The Beaver Creek Natural Area Partnership consists of a series of conservation actions among multiple partners in the Beaver Creek watershed, which is about seven miles south of Newport on the Central Oregon Coast. Beaver Creek is a tributary to the Pacific Ocean situated between the larger Yaquina and Alsea River estuaries. The Beaver Creek basin, about 32,500 acres in size, is largely undeveloped, and supports forestry, agriculture, and recreation. Ona Beach State Park, located at the mouth of Beaver Creek protects beach, dune, estuary, riparian and lowland forest habitats, and provides low-impact recreational access to the beach, the estuary, and the river. Approximately 11,000 acres of the watershed is managed by the U.S. Forest Service for old-growth forest conditions, with about 40% of the watershed currently managed for conservation.
Protection of a large diverse habitat area including estuary, riparian and upland habitats will allow for potential habitat migration caused by climate change impacts to the estuary. Protecting and restoring this large block of diverse lands also offers the opportunity to reverse the trend in habitat conditions that are a result of the impacts of coastal development, the construction of highway 101, conversion of wetlands to agriculture and timber extraction over the past century.
Beaver Creek Acquisitions
In 2007 and 2008, the Oregon Parks and Recreation Department acquired 349 acres of wetland, riparian and upland habitats adding on to their 220-acre Ona Beach State Park and to an 80-acre wetland owned by The Wetlands Conservancy forming a significant natural area anchor in the Beaver Creek estuary.
Oregon Parks and Recreation and The Wetlands Conservancy are working to acquire and protect 417 additional acres of coastal forest, riparian floodplain, and wetland habitat directly adjacent to existing protected areas under the ownership of the Wetlands Conservancy and the Oregon Parks and Recreation Department and one additional 583 acre upland acquisition.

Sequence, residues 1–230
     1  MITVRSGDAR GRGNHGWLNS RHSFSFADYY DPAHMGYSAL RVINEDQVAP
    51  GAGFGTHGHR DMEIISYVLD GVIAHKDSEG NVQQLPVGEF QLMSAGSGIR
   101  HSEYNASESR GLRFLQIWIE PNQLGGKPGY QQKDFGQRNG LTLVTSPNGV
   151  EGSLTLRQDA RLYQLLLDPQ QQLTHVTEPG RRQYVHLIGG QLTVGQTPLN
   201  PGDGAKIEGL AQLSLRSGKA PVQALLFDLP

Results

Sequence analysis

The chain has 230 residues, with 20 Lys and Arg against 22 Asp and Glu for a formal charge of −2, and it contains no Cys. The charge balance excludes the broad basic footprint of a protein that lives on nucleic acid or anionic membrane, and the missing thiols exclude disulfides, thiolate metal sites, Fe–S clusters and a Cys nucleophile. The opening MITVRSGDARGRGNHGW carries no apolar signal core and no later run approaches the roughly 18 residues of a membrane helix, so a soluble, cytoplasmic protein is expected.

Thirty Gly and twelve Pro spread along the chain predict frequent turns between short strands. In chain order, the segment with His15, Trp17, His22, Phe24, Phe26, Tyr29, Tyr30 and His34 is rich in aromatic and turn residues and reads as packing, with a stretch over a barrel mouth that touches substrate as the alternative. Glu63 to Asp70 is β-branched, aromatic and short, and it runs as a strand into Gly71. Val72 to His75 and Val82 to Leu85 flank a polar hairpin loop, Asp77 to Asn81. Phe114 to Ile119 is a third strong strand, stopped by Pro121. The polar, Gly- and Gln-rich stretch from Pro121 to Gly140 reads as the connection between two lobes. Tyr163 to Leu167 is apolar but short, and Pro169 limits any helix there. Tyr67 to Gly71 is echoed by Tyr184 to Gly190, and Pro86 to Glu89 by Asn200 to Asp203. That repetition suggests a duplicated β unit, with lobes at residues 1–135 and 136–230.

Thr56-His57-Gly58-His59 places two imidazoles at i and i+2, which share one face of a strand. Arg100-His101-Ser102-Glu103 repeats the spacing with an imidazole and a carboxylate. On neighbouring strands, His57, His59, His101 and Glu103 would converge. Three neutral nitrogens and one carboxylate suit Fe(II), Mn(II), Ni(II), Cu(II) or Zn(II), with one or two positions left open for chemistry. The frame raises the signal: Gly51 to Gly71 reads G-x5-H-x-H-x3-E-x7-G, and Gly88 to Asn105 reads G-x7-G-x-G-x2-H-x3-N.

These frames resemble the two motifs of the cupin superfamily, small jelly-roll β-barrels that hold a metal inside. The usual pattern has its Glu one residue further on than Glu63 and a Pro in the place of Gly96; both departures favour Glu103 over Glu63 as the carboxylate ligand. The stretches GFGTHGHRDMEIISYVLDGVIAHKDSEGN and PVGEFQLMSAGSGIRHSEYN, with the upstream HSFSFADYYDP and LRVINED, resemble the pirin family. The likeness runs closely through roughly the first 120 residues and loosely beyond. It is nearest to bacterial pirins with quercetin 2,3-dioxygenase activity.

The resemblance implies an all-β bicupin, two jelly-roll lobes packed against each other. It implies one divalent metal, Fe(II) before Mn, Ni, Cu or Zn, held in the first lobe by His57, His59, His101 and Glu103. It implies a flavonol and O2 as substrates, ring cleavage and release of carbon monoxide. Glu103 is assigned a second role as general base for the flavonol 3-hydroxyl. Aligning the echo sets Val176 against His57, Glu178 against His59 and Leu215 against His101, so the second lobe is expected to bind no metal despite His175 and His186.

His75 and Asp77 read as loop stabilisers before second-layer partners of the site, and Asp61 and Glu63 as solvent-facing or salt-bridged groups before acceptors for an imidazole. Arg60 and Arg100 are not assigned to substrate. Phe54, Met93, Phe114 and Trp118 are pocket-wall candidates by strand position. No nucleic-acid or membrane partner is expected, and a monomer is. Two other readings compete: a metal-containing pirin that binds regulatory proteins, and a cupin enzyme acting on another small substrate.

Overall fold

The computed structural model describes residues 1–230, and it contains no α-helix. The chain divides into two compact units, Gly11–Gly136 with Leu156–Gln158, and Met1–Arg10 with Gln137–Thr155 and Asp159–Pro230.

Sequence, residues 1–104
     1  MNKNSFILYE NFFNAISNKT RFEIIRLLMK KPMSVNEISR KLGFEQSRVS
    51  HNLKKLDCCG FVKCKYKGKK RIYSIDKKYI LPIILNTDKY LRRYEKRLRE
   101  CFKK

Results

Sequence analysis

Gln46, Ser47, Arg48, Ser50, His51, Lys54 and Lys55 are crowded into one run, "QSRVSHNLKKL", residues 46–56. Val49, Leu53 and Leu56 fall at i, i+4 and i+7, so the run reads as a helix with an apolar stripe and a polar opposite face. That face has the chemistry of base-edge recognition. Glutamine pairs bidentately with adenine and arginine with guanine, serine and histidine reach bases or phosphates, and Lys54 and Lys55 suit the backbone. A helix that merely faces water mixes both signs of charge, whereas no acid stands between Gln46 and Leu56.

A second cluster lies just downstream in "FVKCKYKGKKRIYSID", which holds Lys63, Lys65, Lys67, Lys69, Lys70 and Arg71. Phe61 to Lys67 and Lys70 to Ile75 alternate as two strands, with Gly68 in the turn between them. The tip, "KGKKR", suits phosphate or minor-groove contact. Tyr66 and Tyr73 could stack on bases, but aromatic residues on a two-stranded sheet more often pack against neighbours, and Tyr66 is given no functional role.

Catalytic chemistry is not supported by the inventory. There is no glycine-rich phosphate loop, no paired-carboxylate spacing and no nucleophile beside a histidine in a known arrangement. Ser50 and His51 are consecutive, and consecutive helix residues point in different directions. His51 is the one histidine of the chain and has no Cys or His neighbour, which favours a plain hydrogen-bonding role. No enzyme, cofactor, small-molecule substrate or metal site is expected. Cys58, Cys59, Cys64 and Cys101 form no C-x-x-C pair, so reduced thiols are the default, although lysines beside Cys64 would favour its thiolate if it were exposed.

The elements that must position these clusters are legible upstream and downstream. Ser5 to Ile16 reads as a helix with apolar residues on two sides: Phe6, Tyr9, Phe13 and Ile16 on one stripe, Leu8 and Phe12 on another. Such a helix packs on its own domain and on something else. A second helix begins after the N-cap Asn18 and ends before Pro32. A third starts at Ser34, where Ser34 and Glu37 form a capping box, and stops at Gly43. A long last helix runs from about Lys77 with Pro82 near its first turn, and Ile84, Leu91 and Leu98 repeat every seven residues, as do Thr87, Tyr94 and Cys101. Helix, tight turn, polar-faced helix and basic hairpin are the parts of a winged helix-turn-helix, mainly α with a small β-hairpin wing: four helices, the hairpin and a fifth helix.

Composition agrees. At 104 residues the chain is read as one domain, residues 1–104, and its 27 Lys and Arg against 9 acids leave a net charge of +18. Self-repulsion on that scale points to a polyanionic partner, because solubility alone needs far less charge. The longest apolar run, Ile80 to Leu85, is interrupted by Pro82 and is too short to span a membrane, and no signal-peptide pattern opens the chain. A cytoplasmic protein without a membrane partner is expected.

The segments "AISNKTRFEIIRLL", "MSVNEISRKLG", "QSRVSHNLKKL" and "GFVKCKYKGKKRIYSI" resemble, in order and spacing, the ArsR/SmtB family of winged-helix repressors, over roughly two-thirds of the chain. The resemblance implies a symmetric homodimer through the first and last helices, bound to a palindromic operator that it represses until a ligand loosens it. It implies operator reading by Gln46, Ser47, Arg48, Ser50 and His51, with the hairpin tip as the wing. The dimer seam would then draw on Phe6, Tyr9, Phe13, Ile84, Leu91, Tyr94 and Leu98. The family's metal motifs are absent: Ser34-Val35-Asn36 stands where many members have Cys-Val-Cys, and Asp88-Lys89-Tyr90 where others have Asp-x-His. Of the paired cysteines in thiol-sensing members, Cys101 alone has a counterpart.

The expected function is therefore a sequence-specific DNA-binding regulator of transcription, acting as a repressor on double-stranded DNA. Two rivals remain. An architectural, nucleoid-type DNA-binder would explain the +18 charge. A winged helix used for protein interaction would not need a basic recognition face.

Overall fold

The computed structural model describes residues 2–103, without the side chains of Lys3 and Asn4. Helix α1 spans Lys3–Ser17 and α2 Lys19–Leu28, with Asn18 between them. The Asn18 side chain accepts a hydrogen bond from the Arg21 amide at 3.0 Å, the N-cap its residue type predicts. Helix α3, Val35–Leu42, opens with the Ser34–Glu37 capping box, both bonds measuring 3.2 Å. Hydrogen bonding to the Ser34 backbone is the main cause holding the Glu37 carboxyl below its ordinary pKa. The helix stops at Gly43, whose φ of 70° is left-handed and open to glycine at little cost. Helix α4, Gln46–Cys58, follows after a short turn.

Beaver Creek Conservation Easement Acquisition
The Wetlands Conservancy in partnership with Oregon Department of Fish and Wildlife and Oregon State Parks and Recreation has purchased an 82.6 acre conservation easement on designated critical habitat for the marbled murrelet within the Lower Beaver Creek watershed of the Oregon Central Coast. We are now working on the acquisition of an additional adjacent 165 acres of critical murrelet habitat.
The Beaver Creek Restoration and Management Plan provides an integrated conservation and restoration strategy for the lower Beaver Creek watershed. Beaver Creek is a tributary to the Pacific Ocean. The Beaver Creek basin, about 32,500 acres in size, is largely undeveloped, and supports forestry, agriculture, and recreation. About 36 percent of the watershed is currently in a conservation status. This wetland complex and its fringing habitats have been the focus of several conservation actions. Additionally, Beaver Creek wetlands and watershed have been prioritized for protection in several federal, regional, state, and local conservation plans. This wetland complex supports a diversity of migratory and resident birds and waterfowl, and is a critical habitat component for anadromous salmonids populations in the basin. The adjacent uplands support a range of habitats from meadows to early seral stage Sitka spruce /western hemlock forest to older forest suitable for nesting by the ESA listed marbled murrelet.
The goal of the Lower Beaver Creek Restoration and Management Plan is to prioritize the conservation needs and opportunities for the Lower Beaver Creek watershed from an ecological perspective and promote the selection of acquisition and restoration projects that address critical watershed restoration issues. The ten-year goal is conservation and restoration of Sitka spruce swamp, estuarine and freshwater marsh and riparian habitats and upland forest in the watershed through actions targeted in this plan. By working with private landowners, the local community, Oregon Department of Fish and Wildlife, US Fish and Wildlife Service, US Siuslaw National Forest, Lincoln County Soil and Water Conservation District and Lincoln County Land Legacy Program, The Wetlands Conservancy and Oregon Parks and Recreation Department have an opportunity to increase the conservation area and also the ecological linkages with existing protected areas in the upper watershed.